Good House Keeping
The March 2003 edition of Good Housekeeping magazine featured an assessment of the traditional driver education and training model taught by schools since 1949. The final grade? A solid F. Good Housekeeping criticized High School and commercial driver training programs for not coordinating class and driving times and for focusing only on the skills needed to pass a driving test.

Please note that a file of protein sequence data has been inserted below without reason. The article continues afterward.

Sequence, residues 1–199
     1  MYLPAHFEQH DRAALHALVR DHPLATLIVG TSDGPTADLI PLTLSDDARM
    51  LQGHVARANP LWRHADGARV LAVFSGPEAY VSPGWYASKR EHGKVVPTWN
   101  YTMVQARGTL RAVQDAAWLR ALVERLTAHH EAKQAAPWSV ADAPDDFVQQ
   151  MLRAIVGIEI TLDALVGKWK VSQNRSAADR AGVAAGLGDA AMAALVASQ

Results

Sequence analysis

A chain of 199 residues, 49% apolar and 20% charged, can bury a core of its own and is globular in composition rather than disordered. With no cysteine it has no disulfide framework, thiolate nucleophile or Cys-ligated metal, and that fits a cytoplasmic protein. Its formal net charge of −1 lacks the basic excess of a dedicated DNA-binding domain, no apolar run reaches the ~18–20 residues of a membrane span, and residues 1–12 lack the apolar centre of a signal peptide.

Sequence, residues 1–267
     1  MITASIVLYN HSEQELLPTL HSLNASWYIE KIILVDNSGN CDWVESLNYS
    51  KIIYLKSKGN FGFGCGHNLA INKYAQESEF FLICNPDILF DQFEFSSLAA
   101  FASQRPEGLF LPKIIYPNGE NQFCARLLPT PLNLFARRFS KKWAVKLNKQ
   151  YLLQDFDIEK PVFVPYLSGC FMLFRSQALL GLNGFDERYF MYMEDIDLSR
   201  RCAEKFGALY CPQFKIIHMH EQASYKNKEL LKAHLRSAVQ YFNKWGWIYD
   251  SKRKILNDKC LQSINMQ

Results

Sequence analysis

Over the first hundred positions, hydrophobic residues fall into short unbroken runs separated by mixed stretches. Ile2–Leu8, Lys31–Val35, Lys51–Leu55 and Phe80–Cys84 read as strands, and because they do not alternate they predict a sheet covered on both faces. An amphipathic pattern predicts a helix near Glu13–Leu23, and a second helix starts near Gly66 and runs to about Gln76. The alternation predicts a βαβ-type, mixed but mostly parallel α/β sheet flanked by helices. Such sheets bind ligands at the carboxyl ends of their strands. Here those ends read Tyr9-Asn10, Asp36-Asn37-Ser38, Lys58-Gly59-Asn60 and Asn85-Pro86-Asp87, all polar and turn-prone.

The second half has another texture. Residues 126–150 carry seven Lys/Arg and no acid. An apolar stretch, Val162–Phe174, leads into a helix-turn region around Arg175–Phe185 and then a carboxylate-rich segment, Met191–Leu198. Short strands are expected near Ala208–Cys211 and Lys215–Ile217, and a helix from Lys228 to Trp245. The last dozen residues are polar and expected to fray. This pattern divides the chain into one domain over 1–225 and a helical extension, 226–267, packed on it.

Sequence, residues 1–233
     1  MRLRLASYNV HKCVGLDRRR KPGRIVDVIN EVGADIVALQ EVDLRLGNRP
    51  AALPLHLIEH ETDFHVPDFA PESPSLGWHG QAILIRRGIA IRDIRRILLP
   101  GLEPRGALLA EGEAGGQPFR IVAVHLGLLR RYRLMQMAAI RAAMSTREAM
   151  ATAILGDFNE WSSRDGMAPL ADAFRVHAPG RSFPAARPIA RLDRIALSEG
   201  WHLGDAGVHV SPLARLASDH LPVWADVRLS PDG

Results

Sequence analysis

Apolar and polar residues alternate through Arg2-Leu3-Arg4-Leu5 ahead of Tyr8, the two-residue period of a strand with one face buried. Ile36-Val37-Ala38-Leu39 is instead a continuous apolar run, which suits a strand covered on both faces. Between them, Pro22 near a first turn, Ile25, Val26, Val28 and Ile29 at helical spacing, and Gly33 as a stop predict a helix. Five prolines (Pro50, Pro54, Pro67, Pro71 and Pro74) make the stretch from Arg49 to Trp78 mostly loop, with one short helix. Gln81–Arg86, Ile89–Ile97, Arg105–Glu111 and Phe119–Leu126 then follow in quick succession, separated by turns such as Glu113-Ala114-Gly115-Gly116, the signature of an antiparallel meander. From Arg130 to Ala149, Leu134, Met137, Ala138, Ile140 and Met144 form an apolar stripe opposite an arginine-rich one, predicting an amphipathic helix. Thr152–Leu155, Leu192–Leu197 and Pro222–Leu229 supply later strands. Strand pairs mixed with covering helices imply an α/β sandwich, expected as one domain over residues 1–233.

But what kind of driver education does get Good Housekeeping's approval? The article suggests that you spread out the learning process over several months and incorporated behind the wheel practice concurrently with class study. Further more, focus on techniques to avoid accidents.
No other driver education course has done a better job of incorporating these two lifesaving concepts than National Driver Training Institute's Help for the Teenager Who Wants to Drive.